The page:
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I need to get something off my chest…the stigma behind dumpster diving

Posted on October 18th, by admin in Uncategorized. 1 Comment

I was recently having drinks with one of my mentors in NYC. He asked me what I was up to and I briefly went into what I was trying to do here with Gmargin.

In case you didn’t know- I started this site because after I graduated college in 2009 I started a full-time job where even though I worked insane hours, I didn’t make enough to live securely in New York City (where my job was located). Because I wasn’t working a “normal” post-grad corporate job, I thought I was the only one in my position until one day a friend working at Bank of America admitted that he was being partially supported by his parents. In fact, almost every one of my friends was either being partially supported by a family member or working another job to make ends meet.

My job didn’t allow me the flexibility of another part-time job and my parents were not able to help so I used eBay and Craigslist to come up with my rent money. Two years later the concept for Gmargin was born; I am going to help as many people become financially secure (and I’m going to do it without commodifying my users).

Here comes the embarrassing part that I rarely mention, that I didn’t tell my mentor about because I was afraid he would laugh or disregard this site. My eBay and Craigslist stock came from what many people would call dumpster diving. It’s a bit different in NYC because people leave their garbage on the street in bags instead of dumpsters but conceptually it is the same.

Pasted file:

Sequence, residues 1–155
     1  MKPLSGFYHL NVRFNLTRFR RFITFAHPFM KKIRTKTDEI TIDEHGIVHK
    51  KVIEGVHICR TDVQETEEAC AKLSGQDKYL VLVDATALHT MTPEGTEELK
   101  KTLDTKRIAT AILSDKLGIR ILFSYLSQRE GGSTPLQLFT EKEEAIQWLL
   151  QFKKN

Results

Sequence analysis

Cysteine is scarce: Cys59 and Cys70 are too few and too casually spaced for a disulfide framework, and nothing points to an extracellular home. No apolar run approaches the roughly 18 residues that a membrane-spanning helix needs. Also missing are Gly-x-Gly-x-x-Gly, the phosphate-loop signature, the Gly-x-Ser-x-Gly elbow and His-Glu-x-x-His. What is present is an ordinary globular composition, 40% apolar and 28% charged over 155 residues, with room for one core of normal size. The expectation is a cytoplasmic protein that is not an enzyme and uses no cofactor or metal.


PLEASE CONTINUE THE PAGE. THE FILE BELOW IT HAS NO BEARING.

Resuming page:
If you are starting out and you have no (literally no) extra income and you want to build a website or buy some items wholesale to sell on eBay, the best way I know how to make money is selling people’s discarded items. I actually made over $1000 dollars in August doing jus that (click here for link). To be clear, that doesn’t always have to mean dumpster trash (although it usually does), you can go to your Aunt Bertha and ask her for items she no longer wants and sell those, you can go to Goodwill and buy up every cashmere sweater you can find and re-sell those, or like me you can check the compactor room of your building a few nights a week and sell your haul on Craiglist. I made the majority of my rent payment selling items that I found in the trash rooms of the very building I was paying the rent for.

If you want some more inspiration, check out this picture from a Gamestop dumpster. Or check out my August Stack Challenge and see what I found!

Gamestop dumpster- not my picture, source unknown

Gamestop dumpster- not my picture, source unknown

One thought on “I need to get something off my chest…the stigma behind dumpster diving

  1. A suggestion, from my years-ago diving days:

    It might be best to not advertise exactly where you’re getting stuff from in so many words.

    I worry that if the corporate levels of these stores get wind that you’re diving stuff and reselling it, they will lock their dumpsters up, or install *shudder* compactors.

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